One of my fellow Fellows offered this phrase: ‘Nothing about us without us’, which reminds me very strongly of the UN Convention on the Rights of the Child, Article 12: ‘Children have the right to have a say in matters that affect them’. And yet, do we really do this in schools? One of my colleagues pointed me to this article by Rachel Bolstad of NZCER: “From ‘student voice’ to ‘youth-adult partnership” in Set, 2011(1), pp. 31-33. In this article, she argues for a shift away from “student voice” towards “youth-adult partnership” which has the potential to be more transformative: to actively “[enlist] young people to help shift the ways schooling is done” (p. 31). For me, one way to do this is to move from designing for to designing with, which I’ve mentioned before here and here. I could go really big here and mention important things like equity and power-sharing, but I think you catch my drift.
And I can’t help but wonder if the New Zealand Curriculum (2007) doesn’t call for us to do this anyway. The same colleague who brought the Bolstad article to my attention has also left me pondering this: the vision of the NZC is a statement of wellbeing. So how might we create the conditions in which young people thrive and become confident, connected, actively involved, lifelong learners?
In this blogpost I mention serious issues such as bullying, accessing inappropriate material and plagiarism. It is not my intention to minimise these as the potentially harmful concerns they are. I mention them to offer another perspective from which to consider these issues, and others like them. If you would like help with online abuse, and are based in New Zealand, may I suggest NetSafe as your initial port of call.
With the increasing number of devices in schools, there can appear to be an increasing number of problems that need to be addressed. And with firewalls, filtering, blocking, plagiarism checkers, monitoring software, and more, there are technical solutions to all kinds of problems schools and their learners can face.
It seems reasonable. Because learners can access the internet, they’re more likely to be distracted by Facebook or other social media platforms; they’re more likely to stumble across inappropriate material; they’re more likely to copy and paste from one site into their own work.
Back in the day, I could have copied my friend’s assignment, or her older brother’s assignment from when he did the course, but now I can access a thousand papers from a thousand writers from across the globe at the click of a button. It’s more tempting, and heck, just a lot easier.
Back in the day, when I was bullied in high school, the bullying pretty much stopped at 3:30pm. There were a couple of incidents where my rather determined bullies made some cruel late-night phone calls – to the landline, of course! – but once I left the school gates, I left the bullies behind. Not their words or their harm, unfortunately, but that’s another story for another time. Now, between my smartphone and laptop or tablet, I’m pretty well constantly connected to all my friends… and to all my bullies too. There’s little to no escape, and little to no refuge.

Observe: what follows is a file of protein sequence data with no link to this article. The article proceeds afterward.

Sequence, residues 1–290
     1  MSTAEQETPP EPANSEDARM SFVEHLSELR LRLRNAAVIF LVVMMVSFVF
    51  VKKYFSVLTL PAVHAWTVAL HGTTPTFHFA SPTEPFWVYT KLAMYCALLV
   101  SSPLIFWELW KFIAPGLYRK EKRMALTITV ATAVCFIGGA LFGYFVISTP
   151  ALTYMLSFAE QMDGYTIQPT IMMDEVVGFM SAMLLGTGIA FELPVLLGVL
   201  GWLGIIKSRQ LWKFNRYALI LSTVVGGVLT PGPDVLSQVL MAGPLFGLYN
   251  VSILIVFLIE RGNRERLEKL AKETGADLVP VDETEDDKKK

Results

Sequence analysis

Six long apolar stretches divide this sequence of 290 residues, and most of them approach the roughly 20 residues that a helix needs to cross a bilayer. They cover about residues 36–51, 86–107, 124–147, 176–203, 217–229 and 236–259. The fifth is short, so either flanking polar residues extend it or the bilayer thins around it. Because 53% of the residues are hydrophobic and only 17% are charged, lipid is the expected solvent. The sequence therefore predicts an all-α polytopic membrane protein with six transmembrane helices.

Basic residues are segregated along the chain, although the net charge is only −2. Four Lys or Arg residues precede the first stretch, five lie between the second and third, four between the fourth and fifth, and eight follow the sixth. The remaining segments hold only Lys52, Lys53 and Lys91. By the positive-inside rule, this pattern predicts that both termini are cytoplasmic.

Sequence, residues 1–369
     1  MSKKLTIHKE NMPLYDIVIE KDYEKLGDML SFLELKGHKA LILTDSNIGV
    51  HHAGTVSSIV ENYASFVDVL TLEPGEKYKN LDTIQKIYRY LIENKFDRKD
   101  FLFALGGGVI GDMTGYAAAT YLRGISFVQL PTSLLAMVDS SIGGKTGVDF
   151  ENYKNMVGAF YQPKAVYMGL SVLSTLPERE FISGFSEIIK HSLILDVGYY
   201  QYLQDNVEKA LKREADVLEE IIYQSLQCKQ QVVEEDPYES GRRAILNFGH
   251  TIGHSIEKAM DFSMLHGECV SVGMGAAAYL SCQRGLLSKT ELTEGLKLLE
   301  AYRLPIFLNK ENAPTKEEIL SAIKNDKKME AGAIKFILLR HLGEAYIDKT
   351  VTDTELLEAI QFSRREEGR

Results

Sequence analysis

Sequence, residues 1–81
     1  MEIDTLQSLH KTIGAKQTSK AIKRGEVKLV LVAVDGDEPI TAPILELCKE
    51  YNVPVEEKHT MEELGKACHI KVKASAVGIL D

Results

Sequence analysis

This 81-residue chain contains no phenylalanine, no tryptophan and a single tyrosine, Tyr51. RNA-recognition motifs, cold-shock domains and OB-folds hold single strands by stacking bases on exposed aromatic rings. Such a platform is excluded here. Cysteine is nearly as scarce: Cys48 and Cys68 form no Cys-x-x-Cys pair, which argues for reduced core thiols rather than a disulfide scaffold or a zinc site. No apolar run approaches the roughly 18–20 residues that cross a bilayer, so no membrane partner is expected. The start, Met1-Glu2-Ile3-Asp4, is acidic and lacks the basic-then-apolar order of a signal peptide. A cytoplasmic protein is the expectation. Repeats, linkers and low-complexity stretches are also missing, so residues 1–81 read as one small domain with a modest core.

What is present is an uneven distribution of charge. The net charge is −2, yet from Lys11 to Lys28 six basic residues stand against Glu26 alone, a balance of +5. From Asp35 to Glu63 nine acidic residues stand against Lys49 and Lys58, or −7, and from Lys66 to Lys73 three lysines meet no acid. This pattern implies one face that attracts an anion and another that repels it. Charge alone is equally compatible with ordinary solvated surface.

Back in the day, we could look up the rude words in the dictionary or encyclopedia and have a nervous giggle about what we found. Now, even an innocent key word search in Google can result in unexpected and unwanted material.
To my mind, the thing technology has done is to increase access and volume. There is easy access to more information than you can shake a stick at. Technology has not created plagiarism, bullying or offensive materials, but it has increased significantly my likelihood of encountering these problems.
So technology is not actually the problem. The problem is with the people.
This is why technical solutions, like the ones mentioned above, will only ever go so far in addressing the issues. Ultimately, the problem lies with the mindset and choices of the individual concerned.
If I have an assignment that piques my curiosity, is open, authentic and relevant; and I understand about intellectual property, creative commons and have critical research skills, then, plagiarism checker aside, I will be more likely to create a response that is genuinely my work, and accurately attributed in the places where I have built on the ideas of others.
If I have empathy for my fellow learners, live in an open, accepting and respectful culture, and understand my rights and responsibilities as a (digital) citizen, then, monitoring software aside, I will be more likely to be a positive, contributing member of the various communities I belong to.
If I have am (digitally) literate and fluent, am supported by excellent teachers and librarians, and have robust research skills, as well as having good support networks, then, firewalls and filtering aside, if I come across offensive material as I learn, I know where to go and what to do about this.
Seeking technical solutions to people problems results in a false sense of security, and, I would argue, less capable learners. I’m not necessarily endorsing a firehose approach where filtered water is better, but I am arguing for looking at our philosophies and our teaching and learning practices. The internet is always on. And our hearts and minds are too.